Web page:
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Baseline Breakdown: FSU basketball wraps up 4-game home stand with romp over Chicago State

The competition is about to get significantly tougher.

NCAA Basketball: Chattanooga at Florida State Glenn Beil-USA TODAY Sports

Four games ago the FSU men’s basketball team stood at 1-1, fresh off a road domination of then number 6 UF, with a four-game home stand on the docket. Florida State would be the prohibitive favorite in each of these four games, and yet for a variety of reasons this represented a critical stretch of basketball.

Let’s revisit the desired outcomes and see how things went.

Cannot lose

Losing any one of the four games would do at least a seed line worth of damage come March. It’s that simple.

Check. The Seminoles went 4-0 for an “A” grade.

NET style points

Home wins themselves really aren’t worth all that much, earning just 0.6 of a win. So in order for FSU to truly take advantage of this stretch of games, they need to not just win but win convincingly. I’m talking 15+ points in every game, with 20 or more being ideal.he efficiency component is not capped, teams are rewarded for beating the crap out of cupcakes.

We’ll give this an “A-” for the four games. Chattanooga and Chicago State were like striking gold as far as NET is concerned. The 15 point win over St. Francis was decent enough. And while the Western Carolina game was anything but a blowout, in a way it was good to give the guys some experience having to fight back from a double-digit deficit and feel the pressure of late-game free throws that needed to be made. And because the victories over the other three were so robust, it takes a bit of the sting out of the close win over the Catamounts.

Get healthy

Florida State needs to find a way to allow these guys to work on specific components of their game while also getting healthy in preparation for phase three of the schedule (the Thanksgiving tourney and @Indiana).

Positive developments:

  • Dominik Olejniczak is moving much better. In fact, following the Chattanooga game he stated it’s the best his calf has felt in months.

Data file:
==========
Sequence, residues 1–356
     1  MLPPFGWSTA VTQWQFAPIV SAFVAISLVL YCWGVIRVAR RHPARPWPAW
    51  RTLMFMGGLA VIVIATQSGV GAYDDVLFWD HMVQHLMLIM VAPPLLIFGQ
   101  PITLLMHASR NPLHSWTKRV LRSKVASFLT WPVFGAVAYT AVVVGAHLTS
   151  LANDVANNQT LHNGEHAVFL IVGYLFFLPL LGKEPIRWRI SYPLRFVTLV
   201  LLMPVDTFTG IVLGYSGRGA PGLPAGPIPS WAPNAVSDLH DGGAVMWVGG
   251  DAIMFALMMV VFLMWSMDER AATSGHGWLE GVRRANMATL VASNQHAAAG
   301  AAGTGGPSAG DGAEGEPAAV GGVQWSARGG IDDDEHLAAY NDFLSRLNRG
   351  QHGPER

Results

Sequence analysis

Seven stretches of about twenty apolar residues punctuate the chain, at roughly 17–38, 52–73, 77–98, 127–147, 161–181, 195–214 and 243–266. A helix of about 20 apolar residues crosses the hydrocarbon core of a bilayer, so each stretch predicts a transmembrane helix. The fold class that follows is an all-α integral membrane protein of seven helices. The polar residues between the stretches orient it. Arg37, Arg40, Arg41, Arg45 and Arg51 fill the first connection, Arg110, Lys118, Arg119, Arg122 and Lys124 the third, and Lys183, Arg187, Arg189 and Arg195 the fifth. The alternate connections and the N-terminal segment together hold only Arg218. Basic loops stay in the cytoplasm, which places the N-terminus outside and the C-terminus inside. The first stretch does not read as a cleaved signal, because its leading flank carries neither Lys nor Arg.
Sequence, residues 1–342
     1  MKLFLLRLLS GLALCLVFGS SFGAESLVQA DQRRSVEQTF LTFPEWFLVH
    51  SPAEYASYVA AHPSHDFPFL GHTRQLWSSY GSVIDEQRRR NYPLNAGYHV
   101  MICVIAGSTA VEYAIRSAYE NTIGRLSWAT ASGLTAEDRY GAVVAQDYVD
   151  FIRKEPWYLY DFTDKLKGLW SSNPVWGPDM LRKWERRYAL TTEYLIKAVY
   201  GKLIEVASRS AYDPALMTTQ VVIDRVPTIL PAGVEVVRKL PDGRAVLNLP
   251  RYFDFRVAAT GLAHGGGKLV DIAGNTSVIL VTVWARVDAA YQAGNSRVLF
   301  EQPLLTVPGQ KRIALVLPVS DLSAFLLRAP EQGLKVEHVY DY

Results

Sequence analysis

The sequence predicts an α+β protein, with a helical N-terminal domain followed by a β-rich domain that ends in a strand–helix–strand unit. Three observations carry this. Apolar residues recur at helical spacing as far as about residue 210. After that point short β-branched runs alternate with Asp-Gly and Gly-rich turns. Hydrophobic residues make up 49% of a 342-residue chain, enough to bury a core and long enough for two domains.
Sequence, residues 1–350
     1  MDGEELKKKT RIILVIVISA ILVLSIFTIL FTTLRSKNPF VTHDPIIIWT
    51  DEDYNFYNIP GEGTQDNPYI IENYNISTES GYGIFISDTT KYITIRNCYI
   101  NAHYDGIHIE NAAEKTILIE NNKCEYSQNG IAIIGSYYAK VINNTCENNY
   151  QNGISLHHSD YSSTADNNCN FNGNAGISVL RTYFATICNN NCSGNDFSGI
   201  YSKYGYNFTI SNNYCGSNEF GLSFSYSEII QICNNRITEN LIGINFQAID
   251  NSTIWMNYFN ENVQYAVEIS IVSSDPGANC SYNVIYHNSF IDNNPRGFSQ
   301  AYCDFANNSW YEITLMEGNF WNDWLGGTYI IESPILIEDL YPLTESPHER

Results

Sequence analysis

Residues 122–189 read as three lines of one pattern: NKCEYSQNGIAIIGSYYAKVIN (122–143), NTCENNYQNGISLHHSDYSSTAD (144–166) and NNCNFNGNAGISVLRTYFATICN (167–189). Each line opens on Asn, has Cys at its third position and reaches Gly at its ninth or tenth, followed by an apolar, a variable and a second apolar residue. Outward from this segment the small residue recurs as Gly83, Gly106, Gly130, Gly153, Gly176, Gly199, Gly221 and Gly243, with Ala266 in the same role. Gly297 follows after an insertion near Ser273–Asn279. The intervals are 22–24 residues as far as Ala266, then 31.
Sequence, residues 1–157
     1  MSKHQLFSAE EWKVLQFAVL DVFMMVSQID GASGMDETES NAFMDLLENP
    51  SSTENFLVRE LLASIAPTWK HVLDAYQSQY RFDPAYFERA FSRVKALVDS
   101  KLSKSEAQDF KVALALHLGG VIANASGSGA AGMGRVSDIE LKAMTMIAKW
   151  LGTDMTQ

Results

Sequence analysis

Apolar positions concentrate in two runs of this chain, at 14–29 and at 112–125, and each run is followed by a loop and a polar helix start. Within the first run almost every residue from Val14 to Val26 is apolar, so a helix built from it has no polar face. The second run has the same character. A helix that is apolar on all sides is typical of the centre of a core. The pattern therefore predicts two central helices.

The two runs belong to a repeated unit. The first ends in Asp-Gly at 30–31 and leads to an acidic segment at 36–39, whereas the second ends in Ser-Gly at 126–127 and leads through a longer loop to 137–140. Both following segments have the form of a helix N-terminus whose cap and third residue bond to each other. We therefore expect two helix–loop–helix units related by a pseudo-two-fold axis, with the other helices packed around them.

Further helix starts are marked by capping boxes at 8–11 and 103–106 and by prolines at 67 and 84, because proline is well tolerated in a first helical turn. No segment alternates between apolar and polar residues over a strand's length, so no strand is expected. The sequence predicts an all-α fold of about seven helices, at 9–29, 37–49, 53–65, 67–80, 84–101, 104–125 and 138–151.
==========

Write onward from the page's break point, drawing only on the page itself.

• Rayquan Evans is now playing, after missing a couple months with a hamstring injury. His conditioning and timing are obviously not where they need to be, but his health is clearly on the up and up.
  • Wyatt Wilkes banged his shoulder against Chattanooga, but was able to lead FSU in scoring the next game against St. Francis. He appears fine.
  • Raiquan Gray saw his first action in several games, coming off the bench against Chicago State. He looked rusty, forcing a couple passes (though he did have a sweet steal after jumping a passing lane), but it’s better to see him shake off some rust against the Cougars than the Volunteers.
  • Patrick Williams is looking better and better after being slowed by a leg injury in the pre-season.

Now for the not so positive. M.J. Walker hurt his ankle in the opening game of the home stand and hasn’t played since. Coach Hamilton says it’s been precautionary, but even if that’s true he’s certainly not going to be in top game-shape for the back-to-back set against Tennessee and Purdue/VCU.

It’s been great seeing guys like Evans and Big Dom get healthier. They will be big components of a successful ACC grind. However, given the injury to Walker, it’s hard to grade this better than a “B+.”

Build functional depth

Leonard Hamilton’s system relies on 10-12 guys capable of contributing in order to best execute. And the only way to get more comfortable and more effective in the system is to execute it at game speed. In order for the Seminoles to be a force come March, the bench (and even some of the new starters) needs to make strides in the games played now.

Lots we could discuss here. With the last three games being demolitions, a lot of guys saw extended minutes and there were some intriguing observations.

  • Wilkes led the team in scoring against St. Francis. No one saw that coming, probably not even Wyatt himself. It remains to be seen if he can defend well enough to see 10+ minutes in an ACC game, but it was at least encouraging to see him hit the offensive glass some, and his vision has always been top notch. The ball doesn’t stick in his hands and that’s a great thing in FSU’s offense. With his confidence as high as it’s been during his time in Tallahassee, it’ll be interesting to see how early he comes off the bench against Tennessee.
  • Nathanael Jack is another guy who needed a shot of confidence and consider it delivered. Seeing just three minutes of action over FSU’s first three games, Jack played nearly 40 minutes over the last three. What’s more, he made at least one three in all three games, including four Monday night against Chicago State. Like Wilkes, it remains to be seen if his defense will be up to snuff against ACC caliber opponents. He’s flashed good instincts off the ball, but has trouble staying in front of his man on the ball. And Hamilton noted in the post-game that he still has some growth to do when it comes to understanding FSU’s defensive principles. Nonetheless, the ’Noles could use a zone-buster, and Jack appears to be capable of filling that role.